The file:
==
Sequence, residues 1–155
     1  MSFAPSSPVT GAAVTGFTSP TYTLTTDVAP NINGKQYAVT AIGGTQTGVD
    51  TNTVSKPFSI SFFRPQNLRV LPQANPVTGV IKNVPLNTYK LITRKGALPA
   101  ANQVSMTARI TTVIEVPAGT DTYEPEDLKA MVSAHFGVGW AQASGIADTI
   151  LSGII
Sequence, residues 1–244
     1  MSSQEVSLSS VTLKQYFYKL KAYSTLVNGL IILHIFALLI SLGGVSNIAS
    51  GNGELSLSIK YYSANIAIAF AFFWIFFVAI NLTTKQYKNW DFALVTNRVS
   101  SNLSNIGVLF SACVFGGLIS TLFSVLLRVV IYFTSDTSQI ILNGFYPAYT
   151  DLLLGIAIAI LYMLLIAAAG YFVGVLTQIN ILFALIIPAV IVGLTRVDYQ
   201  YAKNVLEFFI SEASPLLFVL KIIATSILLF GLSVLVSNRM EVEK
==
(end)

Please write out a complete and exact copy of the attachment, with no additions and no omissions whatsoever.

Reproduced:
Sequence, residues 1–155
     1  MSFAPSSPVT GAAVTGFTSP TYTLTTDVAP NINGKQYAVT AIGGTQTGVD
    51  TNTVSKPFSI SFFRPQNLRV LPQANPVTGV IKNVPLNTYK LITRKGALPA
   101  ANQVSMTARI TTVIEVPAGT DTYEPEDLKA MVSAHFGVGW AQASGIADTI
   151  LSGII
Sequence, residues 1–244
     1  MSSQEVSLSS VTLKQYFYKL KAYSTLVNGL IILHIFALLI SLGGVSNIAS
    51  GNGELSLSIK YYSANIAIAF AFFWIFFVAI NLTTKQYKNW DFALVTNRVS
   101  SNLSNIGVLF SACVFGGLIS TLFSVLLRVV IYFTSDTSQI ILNGFYPAYT
   151  DLLLGIAIAI LYMLLIAAAG YFVGVLTQIN ILFALIIPAV IVGLTRVDYQ
   201  YAKNVLEFFI SEASPLLFVL KIIATSILLF GLSVLVSNRM EVEK